“But here’s the thing, Nina. I think happiness lies in being content now – right now! Every day! That’s not to say you can’t plan and work for change, but if you are constantly waiting for happiness to start, waiting for the change that will make it happen, then you just might miss some really good days along the way.” (Kindle location 3253)

“Hardship eroded his sense of entitlement and in its place a nicer, humbler boy was emerging.” (Kindle location 3953)

“I’ve been reading a lot about people who are depressed. People who live with extreme stress and those who only see one way out… They often fall into two camps. Those who fall apart externally, seek help, battle it publicly, and then there are those won don’t, can’t. It’s this group of people who interest me most. They are skilled in the art of hiding. I think that my dad must have been like that.” (Kindle location 4105)

I’m sorry it took me so long to read this book and I definitely think it’s well worth reading (just not if you’re feeling in a fragile frame of mind). I’ll definitely be interested in reading more from Amanda Prowse!

4 stars!

Buy it now for only $0.99!

Book Review: Heaven Shining Through

39704566Heaven Shining Through is a short, novella-length book written by Joe Siccardi. It tells the story of Samantha’s life in the context of a journey home to visit with her mother, with whom she has always had a rocky relationship. It is fundamentally a Christian story — it is a story of Samantha and her faith journey throughout her life and, ultimately, her ability to see “heaven shining through.”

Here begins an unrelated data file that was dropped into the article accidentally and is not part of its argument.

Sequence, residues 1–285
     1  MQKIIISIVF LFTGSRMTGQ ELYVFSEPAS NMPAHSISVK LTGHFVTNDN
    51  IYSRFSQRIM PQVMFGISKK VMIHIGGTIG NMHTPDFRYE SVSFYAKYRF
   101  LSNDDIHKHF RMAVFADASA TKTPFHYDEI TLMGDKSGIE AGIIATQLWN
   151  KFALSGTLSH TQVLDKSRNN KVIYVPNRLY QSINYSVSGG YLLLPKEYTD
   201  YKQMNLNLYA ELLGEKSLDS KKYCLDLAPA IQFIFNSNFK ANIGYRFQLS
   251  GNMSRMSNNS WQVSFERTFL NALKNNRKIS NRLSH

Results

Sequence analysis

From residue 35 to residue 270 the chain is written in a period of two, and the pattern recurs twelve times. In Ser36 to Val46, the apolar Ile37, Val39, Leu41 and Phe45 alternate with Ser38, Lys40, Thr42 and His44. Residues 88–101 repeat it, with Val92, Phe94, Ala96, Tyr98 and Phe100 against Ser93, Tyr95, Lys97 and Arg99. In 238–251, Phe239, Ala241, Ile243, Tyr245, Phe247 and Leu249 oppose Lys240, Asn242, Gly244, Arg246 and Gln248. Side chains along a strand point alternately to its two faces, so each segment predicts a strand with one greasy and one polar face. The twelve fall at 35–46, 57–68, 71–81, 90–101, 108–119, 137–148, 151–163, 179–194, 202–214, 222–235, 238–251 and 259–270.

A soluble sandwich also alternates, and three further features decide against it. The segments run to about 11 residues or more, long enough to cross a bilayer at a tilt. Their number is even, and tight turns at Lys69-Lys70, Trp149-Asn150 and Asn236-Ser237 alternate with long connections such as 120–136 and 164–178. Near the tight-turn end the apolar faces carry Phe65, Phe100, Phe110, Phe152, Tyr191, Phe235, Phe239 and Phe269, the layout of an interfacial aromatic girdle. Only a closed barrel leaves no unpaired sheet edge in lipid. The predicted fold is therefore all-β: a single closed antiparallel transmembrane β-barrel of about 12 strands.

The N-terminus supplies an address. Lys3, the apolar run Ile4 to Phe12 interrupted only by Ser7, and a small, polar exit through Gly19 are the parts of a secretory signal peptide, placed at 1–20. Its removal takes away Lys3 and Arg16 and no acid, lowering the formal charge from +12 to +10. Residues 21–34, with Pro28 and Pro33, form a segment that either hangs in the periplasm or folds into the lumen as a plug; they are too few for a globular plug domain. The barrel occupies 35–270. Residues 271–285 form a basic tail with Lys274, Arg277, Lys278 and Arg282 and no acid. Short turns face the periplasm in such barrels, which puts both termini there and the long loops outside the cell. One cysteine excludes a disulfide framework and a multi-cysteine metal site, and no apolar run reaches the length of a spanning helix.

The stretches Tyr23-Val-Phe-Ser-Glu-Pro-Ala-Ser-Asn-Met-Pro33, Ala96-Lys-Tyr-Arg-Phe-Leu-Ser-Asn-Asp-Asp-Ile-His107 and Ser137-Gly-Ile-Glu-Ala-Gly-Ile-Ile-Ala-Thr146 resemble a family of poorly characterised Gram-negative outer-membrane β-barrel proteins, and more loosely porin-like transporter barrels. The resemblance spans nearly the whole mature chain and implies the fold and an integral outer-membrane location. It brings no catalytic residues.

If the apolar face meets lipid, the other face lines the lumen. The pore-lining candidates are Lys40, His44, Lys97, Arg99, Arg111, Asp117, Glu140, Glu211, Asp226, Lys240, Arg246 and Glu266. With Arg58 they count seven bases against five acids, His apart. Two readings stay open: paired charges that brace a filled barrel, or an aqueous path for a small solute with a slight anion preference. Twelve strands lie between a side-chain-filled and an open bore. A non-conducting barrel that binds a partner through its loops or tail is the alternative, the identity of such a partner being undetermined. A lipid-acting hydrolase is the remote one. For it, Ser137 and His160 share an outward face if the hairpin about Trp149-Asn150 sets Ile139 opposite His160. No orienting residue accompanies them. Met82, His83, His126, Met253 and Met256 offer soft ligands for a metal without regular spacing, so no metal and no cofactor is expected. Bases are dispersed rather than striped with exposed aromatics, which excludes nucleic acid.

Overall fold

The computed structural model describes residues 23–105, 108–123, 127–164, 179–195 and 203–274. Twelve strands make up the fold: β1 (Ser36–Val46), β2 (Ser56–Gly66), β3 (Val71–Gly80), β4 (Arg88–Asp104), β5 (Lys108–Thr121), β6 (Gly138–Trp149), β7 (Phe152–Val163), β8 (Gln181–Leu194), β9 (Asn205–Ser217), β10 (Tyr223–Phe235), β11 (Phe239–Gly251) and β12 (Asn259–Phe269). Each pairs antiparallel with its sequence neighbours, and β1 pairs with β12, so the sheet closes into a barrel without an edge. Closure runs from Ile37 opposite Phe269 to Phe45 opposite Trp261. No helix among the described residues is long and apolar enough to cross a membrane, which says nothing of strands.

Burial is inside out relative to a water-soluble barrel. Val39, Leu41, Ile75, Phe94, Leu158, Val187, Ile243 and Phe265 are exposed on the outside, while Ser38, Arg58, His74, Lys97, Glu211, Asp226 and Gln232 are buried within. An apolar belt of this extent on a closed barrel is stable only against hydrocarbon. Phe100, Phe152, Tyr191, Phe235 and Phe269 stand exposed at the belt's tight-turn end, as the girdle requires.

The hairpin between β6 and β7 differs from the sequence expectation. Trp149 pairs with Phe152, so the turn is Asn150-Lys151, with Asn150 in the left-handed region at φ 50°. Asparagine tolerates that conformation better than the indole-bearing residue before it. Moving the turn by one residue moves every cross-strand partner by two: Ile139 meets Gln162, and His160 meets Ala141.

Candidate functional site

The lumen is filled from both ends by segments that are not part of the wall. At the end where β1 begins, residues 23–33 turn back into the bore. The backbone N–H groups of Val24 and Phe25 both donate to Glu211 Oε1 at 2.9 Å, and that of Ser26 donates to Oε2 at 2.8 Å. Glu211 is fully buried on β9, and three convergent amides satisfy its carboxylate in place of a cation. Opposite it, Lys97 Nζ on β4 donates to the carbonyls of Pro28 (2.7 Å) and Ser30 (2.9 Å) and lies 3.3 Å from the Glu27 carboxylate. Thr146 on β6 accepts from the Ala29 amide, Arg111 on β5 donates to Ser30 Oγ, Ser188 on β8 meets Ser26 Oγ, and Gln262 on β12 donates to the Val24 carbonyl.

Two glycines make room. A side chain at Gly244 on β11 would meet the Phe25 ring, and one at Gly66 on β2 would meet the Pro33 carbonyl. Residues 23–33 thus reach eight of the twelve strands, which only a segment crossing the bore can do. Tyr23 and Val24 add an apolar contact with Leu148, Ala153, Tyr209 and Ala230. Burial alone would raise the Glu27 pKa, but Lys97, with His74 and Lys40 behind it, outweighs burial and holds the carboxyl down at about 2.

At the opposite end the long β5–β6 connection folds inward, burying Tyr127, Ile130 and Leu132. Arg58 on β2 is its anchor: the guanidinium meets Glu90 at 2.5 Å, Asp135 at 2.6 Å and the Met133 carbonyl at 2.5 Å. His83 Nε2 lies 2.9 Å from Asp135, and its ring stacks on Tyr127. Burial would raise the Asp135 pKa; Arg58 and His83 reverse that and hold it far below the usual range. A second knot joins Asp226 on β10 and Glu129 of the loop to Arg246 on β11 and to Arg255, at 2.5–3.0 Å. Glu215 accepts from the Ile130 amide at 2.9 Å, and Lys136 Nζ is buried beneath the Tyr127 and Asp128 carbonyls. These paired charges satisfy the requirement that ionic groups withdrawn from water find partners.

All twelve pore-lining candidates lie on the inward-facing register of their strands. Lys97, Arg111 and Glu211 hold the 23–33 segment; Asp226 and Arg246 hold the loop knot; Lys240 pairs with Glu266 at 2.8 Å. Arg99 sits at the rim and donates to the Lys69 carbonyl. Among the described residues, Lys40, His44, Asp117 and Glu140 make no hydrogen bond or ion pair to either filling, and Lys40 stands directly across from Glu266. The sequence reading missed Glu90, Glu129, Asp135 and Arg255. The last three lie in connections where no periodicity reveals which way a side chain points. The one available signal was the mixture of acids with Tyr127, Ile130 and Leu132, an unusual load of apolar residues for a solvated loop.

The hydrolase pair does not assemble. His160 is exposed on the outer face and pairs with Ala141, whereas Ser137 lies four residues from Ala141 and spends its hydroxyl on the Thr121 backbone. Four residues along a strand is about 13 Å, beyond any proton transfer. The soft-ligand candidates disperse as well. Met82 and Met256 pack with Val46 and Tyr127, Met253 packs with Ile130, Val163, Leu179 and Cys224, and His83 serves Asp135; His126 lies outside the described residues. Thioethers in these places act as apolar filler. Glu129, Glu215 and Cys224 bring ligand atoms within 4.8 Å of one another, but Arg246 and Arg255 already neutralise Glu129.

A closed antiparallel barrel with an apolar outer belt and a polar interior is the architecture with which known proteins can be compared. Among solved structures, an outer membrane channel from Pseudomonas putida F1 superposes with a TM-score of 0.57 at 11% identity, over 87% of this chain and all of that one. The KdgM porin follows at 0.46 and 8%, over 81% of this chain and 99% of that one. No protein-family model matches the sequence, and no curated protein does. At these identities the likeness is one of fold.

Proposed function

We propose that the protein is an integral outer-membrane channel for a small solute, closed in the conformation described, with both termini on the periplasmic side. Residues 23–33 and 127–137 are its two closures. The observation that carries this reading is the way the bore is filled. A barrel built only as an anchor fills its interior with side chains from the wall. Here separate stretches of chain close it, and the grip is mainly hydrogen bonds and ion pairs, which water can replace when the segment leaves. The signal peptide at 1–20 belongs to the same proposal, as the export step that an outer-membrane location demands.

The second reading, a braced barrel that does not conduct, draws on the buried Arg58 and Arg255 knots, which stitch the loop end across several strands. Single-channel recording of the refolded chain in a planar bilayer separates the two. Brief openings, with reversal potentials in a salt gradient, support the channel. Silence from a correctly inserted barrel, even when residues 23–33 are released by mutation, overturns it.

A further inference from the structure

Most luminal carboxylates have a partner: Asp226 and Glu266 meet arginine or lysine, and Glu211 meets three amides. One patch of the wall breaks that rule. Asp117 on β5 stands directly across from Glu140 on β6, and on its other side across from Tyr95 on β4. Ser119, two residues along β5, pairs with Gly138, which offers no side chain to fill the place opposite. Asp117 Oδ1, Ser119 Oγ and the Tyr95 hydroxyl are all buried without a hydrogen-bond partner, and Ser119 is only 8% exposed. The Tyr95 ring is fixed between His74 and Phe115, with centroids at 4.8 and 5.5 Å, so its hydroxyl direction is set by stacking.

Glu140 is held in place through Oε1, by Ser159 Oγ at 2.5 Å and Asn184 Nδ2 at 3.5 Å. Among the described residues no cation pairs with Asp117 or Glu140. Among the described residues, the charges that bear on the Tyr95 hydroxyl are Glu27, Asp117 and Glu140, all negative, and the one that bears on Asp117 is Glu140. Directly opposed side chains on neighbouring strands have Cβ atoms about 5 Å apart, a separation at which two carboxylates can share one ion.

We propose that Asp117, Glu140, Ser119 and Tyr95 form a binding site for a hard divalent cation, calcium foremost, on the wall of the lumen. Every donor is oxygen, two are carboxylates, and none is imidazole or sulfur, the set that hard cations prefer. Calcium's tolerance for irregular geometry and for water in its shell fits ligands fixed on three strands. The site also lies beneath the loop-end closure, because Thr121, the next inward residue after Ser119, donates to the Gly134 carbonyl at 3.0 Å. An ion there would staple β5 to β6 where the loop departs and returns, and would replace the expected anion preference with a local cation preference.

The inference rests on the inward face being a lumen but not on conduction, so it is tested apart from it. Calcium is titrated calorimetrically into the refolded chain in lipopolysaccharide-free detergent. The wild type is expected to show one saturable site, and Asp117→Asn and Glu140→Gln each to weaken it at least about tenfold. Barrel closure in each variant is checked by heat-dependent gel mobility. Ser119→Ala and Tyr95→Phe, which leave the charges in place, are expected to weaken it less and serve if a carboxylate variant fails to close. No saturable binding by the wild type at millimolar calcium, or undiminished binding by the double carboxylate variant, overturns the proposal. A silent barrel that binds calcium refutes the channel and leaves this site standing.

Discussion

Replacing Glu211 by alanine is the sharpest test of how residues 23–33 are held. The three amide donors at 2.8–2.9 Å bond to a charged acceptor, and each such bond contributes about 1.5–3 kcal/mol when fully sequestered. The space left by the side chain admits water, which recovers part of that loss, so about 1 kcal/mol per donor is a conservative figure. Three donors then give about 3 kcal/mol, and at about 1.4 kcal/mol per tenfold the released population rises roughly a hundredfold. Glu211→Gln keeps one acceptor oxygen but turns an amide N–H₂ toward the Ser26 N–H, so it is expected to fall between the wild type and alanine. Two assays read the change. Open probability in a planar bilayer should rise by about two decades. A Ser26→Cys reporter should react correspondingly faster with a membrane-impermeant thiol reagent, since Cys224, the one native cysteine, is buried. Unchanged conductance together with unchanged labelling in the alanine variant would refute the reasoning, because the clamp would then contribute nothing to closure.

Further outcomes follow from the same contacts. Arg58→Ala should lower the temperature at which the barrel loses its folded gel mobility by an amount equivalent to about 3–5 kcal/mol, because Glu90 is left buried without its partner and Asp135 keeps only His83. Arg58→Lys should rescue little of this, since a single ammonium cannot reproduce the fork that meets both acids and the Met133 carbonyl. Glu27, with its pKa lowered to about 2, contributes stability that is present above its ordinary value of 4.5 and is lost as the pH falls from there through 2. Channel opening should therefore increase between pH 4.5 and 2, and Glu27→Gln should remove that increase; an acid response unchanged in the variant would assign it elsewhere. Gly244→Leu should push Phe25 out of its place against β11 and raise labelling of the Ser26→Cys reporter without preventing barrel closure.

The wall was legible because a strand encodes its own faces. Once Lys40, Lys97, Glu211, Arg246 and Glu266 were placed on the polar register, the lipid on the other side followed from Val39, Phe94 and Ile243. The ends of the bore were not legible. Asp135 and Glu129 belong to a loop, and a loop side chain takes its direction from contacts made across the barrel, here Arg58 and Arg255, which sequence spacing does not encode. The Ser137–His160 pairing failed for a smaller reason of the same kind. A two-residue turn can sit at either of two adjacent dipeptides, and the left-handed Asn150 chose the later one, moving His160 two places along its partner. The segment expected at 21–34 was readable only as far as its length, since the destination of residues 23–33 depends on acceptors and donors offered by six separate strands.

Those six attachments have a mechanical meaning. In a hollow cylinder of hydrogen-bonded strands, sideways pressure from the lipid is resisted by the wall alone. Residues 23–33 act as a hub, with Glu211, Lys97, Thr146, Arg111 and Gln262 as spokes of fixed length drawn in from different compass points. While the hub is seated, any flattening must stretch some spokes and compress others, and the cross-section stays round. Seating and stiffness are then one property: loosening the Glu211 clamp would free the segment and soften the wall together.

It’s a quick read but a powerful Christian witness to dealing with life, love, loss, and forgiveness. I liked how the author was able to integrate so many elements of real life – difficult family dynamics, the waning and then revival of faith, coping with tragic loss – into a story that makes life seem blessed despite (or maybe even because of!) the difficulties encountered throughout.

There was one little aspect that I didn’t love: I sensed a little anti-Catholic sentiment in Samantha’s journey. She is raised Catholic but joins a different church when she returns to faith as an adult, where she finds the community she’s been seeking. I’ll be the first to say that Catholic churches are typically not warm and fuzzy kinds of places, and I think, unfortunately, that Samantha’s experience is reflective of what so many fallen-away Catholics have experienced. It only made me a little sad because I felt, as a Catholic, that it missed the beauty of the Catholic faith. (I know – this sounds crazy to a lot of readers given what we are all bombarded with in the news right now re: the Catholic Church. Believe me – I’m struggling with it. But the presence of Evil does not negate the presence of Christ, and that’s what I’m holding on to.)

The book, as a Christian witness, serves its purpose well! As a stand-alone book I would’ve liked to see more – due to it’s short format, there’s a lot that feels glossed over; I think the book has the potential to be a full-length novel and engage the reader on a deeper level. Some of the most beautiful writing in the book is actually in the dedication, where we see Siccardi’s love for his late wife shine. I am so happy to have had the opportunity to read this book (thank you, Joe, for contacting me and offering a review copy!), and I wish Joe all the best in his ministry.

3 stars!